Figure 4, #35 in the first figure, is a conical electrical conductor ($1.00). In the fall of 2011 I found it in the physics collection at the University of Maine in Orono, and can only assume that at one time the physics cabinet had the entire Meyer set. It is made of metal and intended to be placed on an insulating stand. Tyndall discusses how an electroscope (# 18) can be used to check the amount of electric fluid that accumulates at various places on a charge conductor; the sharp point on the conical conductor is a place with a high concentration of electricity.
Many of the pieces of apparatus in Fig. 1 are ephemeral, but I would hope someday to locate the Electrophorous (#33, $3.50), Cottrell’s Rubber (#49, $1.50, a clever device for charging a rod) and the Long Cylindrical Conductor (#19, $4.00). The Electric Mill (#39, $0.50), from another maker, is shown in Fig. 5, and spins rapidly as the charge on it leaks off the sharp points of the wires.
The Meyer catalogue shows other sets of physics apparatus, including Prof. Curt W. Meyer’s “Student’s Electrical Cabinet” in Fig. 6. This was designed as a Christmas present – a Holiday Scientific Gift. The Meyer catalogue quotes the New York Times, which, in reviewing the set about 1880, noted that few holiday gifts are intended for instruction. “It is quite possible, however, to construct certain objects by which a lad can not only be made happy in their positions, but which at the same time may become a prominent feature in his education. Prof. Curt W. Meyer, of this city, presents for the holiday season a very perfect set of electrical instruments. In a convenient box [not more than a foot square] may be bought a compact electrical plate machine, perfectly capable of generating electricity, with electrical orrery, cannon, bells, pith ball electrometer, Leyden jar, head of Medusa, and a Geissler or Vacuum tube, with other apparatus.” The set was accompanied by Meyer’s 25 page book, “Elementary Guide to Electricity” that otherwise sold for a quarter.
A common lecture demonstration today in physics courses is electrifying a pickle. Nails thrust into the end of a big kosher dill are connected to the output of an auto-transformer, and the voltage turned up until the pickle starts to glow yellow. Looking at the yellow light through a spectroscope reveals the presence of the sodium D-lines; the pickle is saturated with sodium chloride. Tyndall takes this delightful demonstration back to Cadogan Morgan, who, in 1785, passed electricity from a Leiden jar through wood, an ivory billiard ball, an orange and an apple. The text shows a lemon on a stand with electrodes top and bottom, with the comment that this produced “a spheroid of brilliant golden light.” He also mentions that a row of eggs in a glass cylinder is brilliantly illuminated at the passage of every spark from a Leiden jar. In my own collection is an egg illuminator (Fig. 7) made ca. 1870 by Ritchie of Boston. I have been wary of trying out the demonstration, but Sean Corron of Maryland has done it, using a sign transformer in place of the Leiden jar, and reported to me that “when the current passes through the eggshell, it glows an eerie orange. To prove that the electricity was passing through the shell and not the egg, I drilled two small holes and forced the egg out of one hole by blowing through the other. The evacuated egg glows the same as one complete. In fact, the empty egg is more reliable.” (Ref. 6)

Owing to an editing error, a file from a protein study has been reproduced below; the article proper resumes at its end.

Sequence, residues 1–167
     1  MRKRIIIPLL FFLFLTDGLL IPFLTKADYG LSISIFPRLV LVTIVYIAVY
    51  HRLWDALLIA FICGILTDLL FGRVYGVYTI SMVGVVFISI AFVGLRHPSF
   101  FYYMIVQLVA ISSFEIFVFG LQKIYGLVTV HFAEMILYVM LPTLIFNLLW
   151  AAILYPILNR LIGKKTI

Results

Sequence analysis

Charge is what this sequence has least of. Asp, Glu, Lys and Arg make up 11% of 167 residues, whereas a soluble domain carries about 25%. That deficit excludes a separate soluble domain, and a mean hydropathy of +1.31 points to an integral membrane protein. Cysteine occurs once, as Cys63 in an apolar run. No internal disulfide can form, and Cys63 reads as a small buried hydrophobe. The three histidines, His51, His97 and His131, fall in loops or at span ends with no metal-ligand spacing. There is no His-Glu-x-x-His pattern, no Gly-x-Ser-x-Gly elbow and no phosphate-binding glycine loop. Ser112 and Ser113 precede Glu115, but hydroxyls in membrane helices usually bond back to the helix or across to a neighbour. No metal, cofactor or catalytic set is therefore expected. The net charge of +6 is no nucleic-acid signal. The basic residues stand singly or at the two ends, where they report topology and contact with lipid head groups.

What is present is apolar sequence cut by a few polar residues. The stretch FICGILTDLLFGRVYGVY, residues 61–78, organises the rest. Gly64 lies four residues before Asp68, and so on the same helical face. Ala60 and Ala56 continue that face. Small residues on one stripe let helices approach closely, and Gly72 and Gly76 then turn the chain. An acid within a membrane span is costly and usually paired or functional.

There are a number of homilies directed toward the young experimenter. Typical is: “More than half the value of your present labour consists in arranging each experiment in thought before it is realized in fact; and more than half of the delight of our work will consist in observing the verification of what you have foreseen and predicted.” (Ref. 7)
I would enjoy writing a review of Tyndall’s book for the physics teaching journals, perhaps to revive interest in electrostatics. The subject has shrunk down to a maximum of one lecture on the college level, with the lecturer perhaps hoping that the high school teacher has covered the topic more thoroughly. There are few laboratory courses on this level that have space for electrostatics, despite the fact that the subject typically appears in the middle of the academic year, which, in North America, is a time of heated buildings with low humidity, just perfect to make the experiments snap and crackle.
- Thomas B. Greenslade, Jr., “Visits to Apparatus Collections V: The University of Mississippi”, Rittenhouse, 19, 16-26 (2005).
2. The Tyndall Christmas lectures at the Royal Institution are:
1861 … Light
1865 … Sound
1867 … Heat and Cold
1869 … Light
1871 … Ice, Water, Vapour and Air
1873 … The Motion and Sensation of Sound
1875 … Experimental Electricity
1877 … Heat, Visible and Invisible
1879 … Water and Air
1882 … Light and the Eye
1884 … The Sources of Electricity
A number of these lecture series were issued as books; in North America, these were published by Appleton of New York in their familiar rust-red bindings. Perhaps the best of these are, “Heat, Considered as a Mode of Motion” (1863) and “Sound” (1867), both of which came out in various revised editions in later years.
3. John Tyndall, Lesson in Electricity at the Royal Institution 1875-6, (D. Appleton and Company, New York, 1888).
4. George W. Francis, Electrical Experiments, (1854). This was reprinted in 2005, with additional material, by Oleg Jefimenko, the late Professor of Physics at West Virginia University and expert on electrostatics. (Electret Scientific Company, P.O. Box 4132, Star City, West Virginia 26504).
5. Reference 3, pg. 55.
6. Private communication.
7. Reference 3, pg. 50.